Temple of the Emerald Buddha (Wat Phra Kaew)

วัดพระแก้ว

The Temple of the Emerald Buddha or Wat Phra Kaew is the most sacred temple in Thailand. The religious complex is located at the Grand Palace. The distinctive feature of this wat is that there are no monks living on its grounds.

The 66 cm high Emerald Buddha depicted in meditating posture is actually carved from a single jade stone (emerald in Thai does not mean a particular stone, but its green color). And the material for the statue is jadeite, a mineral looking like jade but having different structure. There is a belief that this iconic depiction was made by Nagasena, a saint in Pataliputra (present day Patna), India, who, with the support of Hindu god Vishnu and demigod Indra, carved this beautiful masterpiece. The Emerald Buddha is deeply important for Thailand and is being worshiped as the patron of the country.

According to the historians, the Buddha's image was found in Chiang Rai (the northern part of Thailand) in the 15th century – this city was long the capital of the medieval kingdom of Lanna. The legend tells is that after a lightning struck the wat, the statue of Buddha fell down and cracked. After the plaster was removed the monks saw an incredible image of Buddha made from a single piece of green stone. After long traveling the Emerald Buddha finally found its present place in Thailand, which happened in the 18th century during the reign of Rama I. The ubosot where the image is kept is lavishly decorated with paintings dating back to the epoch of Rama III depicting scenes from the life of Buddha. The interior is radiant with magnificent golden decorations.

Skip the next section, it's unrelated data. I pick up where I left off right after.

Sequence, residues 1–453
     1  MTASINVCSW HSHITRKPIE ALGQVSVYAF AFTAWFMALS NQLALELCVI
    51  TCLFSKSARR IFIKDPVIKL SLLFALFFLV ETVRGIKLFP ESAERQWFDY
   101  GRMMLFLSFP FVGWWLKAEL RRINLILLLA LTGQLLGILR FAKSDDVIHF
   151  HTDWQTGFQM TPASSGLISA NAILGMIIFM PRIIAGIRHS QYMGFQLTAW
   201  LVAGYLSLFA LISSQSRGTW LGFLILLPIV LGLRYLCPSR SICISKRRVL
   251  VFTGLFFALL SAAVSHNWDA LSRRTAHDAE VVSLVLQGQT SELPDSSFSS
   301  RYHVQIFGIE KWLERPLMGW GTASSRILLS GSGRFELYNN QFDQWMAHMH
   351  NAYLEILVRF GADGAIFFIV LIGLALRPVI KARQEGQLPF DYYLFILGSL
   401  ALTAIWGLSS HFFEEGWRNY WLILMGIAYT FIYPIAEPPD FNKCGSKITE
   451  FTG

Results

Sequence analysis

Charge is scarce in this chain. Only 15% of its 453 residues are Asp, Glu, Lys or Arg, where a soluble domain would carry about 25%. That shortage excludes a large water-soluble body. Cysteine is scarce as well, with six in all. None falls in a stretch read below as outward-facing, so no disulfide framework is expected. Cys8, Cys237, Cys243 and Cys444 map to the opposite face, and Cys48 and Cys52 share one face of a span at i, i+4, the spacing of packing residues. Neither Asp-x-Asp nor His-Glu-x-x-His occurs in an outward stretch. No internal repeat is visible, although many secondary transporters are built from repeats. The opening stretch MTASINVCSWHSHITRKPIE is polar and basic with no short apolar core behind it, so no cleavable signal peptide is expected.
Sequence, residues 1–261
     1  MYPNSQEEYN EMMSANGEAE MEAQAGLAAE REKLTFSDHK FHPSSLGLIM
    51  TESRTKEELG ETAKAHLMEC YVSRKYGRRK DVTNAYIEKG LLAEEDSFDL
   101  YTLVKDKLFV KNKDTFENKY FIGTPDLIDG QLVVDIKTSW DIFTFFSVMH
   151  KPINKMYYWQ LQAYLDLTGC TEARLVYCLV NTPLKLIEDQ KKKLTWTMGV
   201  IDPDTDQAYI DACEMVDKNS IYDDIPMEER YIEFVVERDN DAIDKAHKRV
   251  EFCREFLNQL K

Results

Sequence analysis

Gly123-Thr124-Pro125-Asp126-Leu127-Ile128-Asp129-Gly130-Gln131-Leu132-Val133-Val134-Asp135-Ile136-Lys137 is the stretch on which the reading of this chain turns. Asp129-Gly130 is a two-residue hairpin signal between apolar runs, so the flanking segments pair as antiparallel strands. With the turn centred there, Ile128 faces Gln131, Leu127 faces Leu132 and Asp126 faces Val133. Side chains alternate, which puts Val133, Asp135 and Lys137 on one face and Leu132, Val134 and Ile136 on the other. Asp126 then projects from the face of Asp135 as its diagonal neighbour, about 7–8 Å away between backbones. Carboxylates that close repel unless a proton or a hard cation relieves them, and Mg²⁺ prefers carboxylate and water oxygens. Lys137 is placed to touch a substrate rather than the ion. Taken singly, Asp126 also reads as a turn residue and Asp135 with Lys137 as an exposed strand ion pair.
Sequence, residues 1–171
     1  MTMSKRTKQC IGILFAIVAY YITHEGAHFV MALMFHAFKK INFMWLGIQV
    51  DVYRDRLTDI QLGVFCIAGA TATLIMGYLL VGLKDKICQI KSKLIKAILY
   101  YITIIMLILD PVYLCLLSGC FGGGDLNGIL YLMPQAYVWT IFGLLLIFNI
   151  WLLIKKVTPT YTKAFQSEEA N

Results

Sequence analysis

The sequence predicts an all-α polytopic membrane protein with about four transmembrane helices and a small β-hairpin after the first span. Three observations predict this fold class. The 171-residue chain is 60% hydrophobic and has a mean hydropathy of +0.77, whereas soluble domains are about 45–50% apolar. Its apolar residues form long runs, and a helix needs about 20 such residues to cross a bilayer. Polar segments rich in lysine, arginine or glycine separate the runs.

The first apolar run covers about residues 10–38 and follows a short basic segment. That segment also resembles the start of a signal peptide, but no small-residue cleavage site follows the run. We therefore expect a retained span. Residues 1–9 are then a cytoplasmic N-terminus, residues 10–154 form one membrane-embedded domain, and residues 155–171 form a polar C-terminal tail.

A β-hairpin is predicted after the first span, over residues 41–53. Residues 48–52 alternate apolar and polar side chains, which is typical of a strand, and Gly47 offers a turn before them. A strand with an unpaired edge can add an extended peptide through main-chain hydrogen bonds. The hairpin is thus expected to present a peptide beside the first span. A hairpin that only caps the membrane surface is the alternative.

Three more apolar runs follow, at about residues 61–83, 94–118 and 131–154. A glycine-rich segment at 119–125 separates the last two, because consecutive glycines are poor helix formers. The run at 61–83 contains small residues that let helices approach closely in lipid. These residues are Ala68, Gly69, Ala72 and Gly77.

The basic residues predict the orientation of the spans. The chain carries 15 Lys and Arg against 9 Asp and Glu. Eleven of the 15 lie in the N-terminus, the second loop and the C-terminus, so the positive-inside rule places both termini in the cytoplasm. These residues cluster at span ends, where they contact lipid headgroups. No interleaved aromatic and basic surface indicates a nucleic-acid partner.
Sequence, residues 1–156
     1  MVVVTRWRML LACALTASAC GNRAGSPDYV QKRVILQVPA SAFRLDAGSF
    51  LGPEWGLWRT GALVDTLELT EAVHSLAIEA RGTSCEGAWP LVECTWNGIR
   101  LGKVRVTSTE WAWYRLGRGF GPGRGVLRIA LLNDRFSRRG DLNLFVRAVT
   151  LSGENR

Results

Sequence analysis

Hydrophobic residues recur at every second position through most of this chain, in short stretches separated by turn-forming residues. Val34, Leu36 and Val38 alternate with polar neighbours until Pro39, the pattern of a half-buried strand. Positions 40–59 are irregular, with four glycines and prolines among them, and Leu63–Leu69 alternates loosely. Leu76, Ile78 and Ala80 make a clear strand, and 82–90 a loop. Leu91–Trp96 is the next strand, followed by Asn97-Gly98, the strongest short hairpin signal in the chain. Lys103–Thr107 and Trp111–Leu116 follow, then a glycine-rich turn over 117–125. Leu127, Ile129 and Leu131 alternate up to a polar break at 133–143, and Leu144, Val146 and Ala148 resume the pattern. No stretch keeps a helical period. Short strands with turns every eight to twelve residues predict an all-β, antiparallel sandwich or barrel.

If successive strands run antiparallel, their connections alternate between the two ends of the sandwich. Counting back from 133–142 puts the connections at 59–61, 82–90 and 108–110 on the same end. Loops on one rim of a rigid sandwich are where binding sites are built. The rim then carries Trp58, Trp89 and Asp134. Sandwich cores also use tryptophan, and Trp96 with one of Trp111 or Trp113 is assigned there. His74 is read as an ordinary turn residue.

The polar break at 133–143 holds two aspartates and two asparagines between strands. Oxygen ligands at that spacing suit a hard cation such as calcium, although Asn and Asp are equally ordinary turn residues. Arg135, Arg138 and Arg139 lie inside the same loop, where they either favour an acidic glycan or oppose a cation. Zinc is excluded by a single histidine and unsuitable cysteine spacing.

Interestingly enough, the Thai king or the crown prince instead of him have the right to touch the statue. In Thailand there are three seasons of the year, so thrice a year the clothes of the Emerald Buddha are changed by the king himself. This important ritual is carried out to attract luck in every of the seasons.

The walls of the complex are decorated with frescos depicting scenes from the Ramakien epic, while along its eastern wall there are eight prangs. Next to the entrance gate there is a black statue before which the offerings (candles, flowers and scents) are made. This is a statue of a monk healing the sick ones, who is considered to be a patron of medicine, and this way the relatives of the sick pay their respects and pray.

The chedi of Phra Sri Rattana (the wat's official name) houses a fragment of a bone belonging to Buddha. The chedi was built during the reign of Rama IV, while the golden mosaics were added under Rama V. The nearby library of Phra Mondop is home for the sacred Buddhist texts, there is no entry to it. The royal pantheon built in Khmer style and surrounded by mythical creatures opens once a year, in October, during the commemorations of the Chakri dynasty founding. Inside the pantheon, there are eight full-scale bronze statues of the kings belonging to this dynasty.

Address: Na Phra Lan Rd, Phra Nakhon
Opening hours: daily 8.30 am – 3.30 pm
How to reach: Tha Chang pier
Coordinates: 13.75142, 100.49257